INSIDE THIS ISSUE:
Karyn M. Bruce
A. J. Huffman
Paul B. Roth
Jennifer Burd &
Rose Mary Boehm
Michael D. Long
Ann Arbor Review
is an independent
International Journal & ezine
Copyright (c) 2013
Silver Grey Fox
All rights revert back to each poet.
--editor / Southeastern Florida
Silver Grey Fox
DEPTH OF WINTER
too deep for foal, fawn or calf, snow glows from its icy crust and the
blue darkness their unsteady hoofs crack open with ease, presses against
their untouched blood, bone and shadows' struggle to survive.
Coming across such shadows, scattered in and out of rock cracks, in and
out of delicate nests, you gather them into small piles until the moon,
edging closer, slowing Earth down, grows these piles even larger.
Every dispute about the sun rising or setting is useless once every shadow
on the planet gathered to this pile blocks everyone's view.
You'd like to awake
but you're not asleep. You'd like to feel the difference between these
shadows but only recognize their flame-edged silhouettes. Touched by
them or not, it's not knowing that's the difference, as if a stone falling
through water had no real depth of its own.
First one eyelid then
the other covers itself with earth until, no closer to death, both blink.
You'd like to sleep and enjoy your great great grand- father's unmotorized
dreams. You'd like to be the shadows of moths in high grasses milked
goats stir with restless legs. You'd like to be the sun and tight-rope
a frayed spider web hanging from a rusty nail's too many summers. The
sun cutting angular paths across the peaks of snowdrifts rounded by a thaw's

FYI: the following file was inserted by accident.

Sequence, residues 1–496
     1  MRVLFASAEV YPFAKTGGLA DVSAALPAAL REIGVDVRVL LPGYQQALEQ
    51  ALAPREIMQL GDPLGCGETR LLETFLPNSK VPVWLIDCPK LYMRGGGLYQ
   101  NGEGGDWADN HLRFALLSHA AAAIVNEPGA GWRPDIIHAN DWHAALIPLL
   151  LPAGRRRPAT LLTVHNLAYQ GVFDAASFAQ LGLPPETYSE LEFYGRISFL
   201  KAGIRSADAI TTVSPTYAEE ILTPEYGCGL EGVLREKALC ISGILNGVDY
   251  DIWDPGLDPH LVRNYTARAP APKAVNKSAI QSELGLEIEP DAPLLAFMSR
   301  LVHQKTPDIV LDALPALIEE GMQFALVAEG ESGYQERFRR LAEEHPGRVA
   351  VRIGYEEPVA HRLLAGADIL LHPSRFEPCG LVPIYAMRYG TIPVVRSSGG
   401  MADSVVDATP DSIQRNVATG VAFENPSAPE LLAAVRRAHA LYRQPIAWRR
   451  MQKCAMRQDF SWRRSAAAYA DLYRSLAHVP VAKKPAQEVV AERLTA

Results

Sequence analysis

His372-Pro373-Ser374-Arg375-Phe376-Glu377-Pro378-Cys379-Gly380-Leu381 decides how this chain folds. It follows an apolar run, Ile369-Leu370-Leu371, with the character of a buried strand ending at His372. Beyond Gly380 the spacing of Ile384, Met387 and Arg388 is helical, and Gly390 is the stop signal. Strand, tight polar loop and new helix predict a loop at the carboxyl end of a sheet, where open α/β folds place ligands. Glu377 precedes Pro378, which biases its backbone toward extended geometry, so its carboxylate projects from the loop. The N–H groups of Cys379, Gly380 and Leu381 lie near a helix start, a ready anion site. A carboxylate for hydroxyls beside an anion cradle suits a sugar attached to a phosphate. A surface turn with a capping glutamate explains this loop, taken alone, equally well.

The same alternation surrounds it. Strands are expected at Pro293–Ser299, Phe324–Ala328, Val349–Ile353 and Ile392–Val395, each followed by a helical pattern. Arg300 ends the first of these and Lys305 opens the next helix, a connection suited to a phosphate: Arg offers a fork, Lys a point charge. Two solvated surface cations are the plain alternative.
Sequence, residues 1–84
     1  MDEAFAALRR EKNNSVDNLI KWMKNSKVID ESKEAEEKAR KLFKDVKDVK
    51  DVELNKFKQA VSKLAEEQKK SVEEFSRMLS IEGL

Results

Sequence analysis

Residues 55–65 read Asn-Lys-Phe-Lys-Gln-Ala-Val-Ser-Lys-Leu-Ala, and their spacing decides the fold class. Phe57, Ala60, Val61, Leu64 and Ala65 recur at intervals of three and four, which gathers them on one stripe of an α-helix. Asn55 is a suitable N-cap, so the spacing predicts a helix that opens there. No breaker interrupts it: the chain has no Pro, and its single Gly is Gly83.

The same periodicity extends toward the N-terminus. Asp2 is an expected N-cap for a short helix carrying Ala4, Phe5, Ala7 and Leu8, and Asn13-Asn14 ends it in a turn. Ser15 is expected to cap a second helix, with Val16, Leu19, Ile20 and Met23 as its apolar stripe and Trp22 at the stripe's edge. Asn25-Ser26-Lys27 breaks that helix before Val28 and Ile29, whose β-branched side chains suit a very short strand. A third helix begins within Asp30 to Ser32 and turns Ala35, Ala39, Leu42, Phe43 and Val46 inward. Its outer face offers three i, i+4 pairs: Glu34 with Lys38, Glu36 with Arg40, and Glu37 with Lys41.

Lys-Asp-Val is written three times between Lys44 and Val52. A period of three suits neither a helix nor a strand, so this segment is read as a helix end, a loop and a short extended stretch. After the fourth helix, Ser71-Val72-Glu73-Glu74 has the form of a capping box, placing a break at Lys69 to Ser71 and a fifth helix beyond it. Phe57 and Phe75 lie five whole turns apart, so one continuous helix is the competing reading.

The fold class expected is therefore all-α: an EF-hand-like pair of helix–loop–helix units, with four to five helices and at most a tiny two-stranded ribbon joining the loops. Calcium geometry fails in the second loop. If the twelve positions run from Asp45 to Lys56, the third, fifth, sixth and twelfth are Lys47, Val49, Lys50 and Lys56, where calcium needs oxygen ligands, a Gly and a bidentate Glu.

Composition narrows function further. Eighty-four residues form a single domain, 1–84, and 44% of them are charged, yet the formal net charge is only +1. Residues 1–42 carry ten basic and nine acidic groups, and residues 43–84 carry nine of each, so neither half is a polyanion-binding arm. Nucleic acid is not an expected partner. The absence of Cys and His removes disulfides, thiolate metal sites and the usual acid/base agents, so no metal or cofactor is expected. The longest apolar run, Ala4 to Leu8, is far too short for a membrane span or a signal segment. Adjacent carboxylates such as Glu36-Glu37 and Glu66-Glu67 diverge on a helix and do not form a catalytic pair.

trickle. The sun too old to be infinite, but young enough to
self-consume. The sun and all its stairless staircases angels carry on
their vanishing backs. The sun and its sizzling oceans blistering the
skin off your downcast image. The sun and its own face known only by
its dying light's afterglow.
It comes down to sky
and what color sunset fills your eyes, what flocking green birds at last
light fill your silence with song, and what rivers in their unseen struggle
to follow where they lead themselves enter your wayward bloodstream.
Left on their own, your
bones assembled from bits of bituminous, mica and compacted river water,
straighten your spine from mud into a longing for legs. Those your old
body owned, imprisoned by pacing unlocked rooms in noisy Parisian quarters,
were squeezed tighter by a drying mud's push through large cracks from its
ever wet center.
In spite of
escaping on all fours, your memories wait abandoned on the doorstep you were
so proud of leaving behind.
The only one left, you
keep to yourself. Silence becomes less random and more sustained.
When not silent, it's you who make it so.
You make it so when you hear a
shaggy black and white goat resting against a broken fence muttering under
its breath. When you hear a rabbit chewing escarole while twitching
canticles between its whiskers and those high-lighted shadows tucked between
each tall blade of grass gone to seed. You make it so when you hear
white geese squawk while awkwardly patrolling a creek's edge well up the
slope from its cascading water. And yet, no silence is lost among
these sounds whose blend is a pure octave above those noisier voices
slipping between the pebbles your shoed feet keep scuffing and dragging
across the ground.
You listen but
inside your own heart wait for something other than its beating to occur.
Paul B. Roth, Fayetteville, New York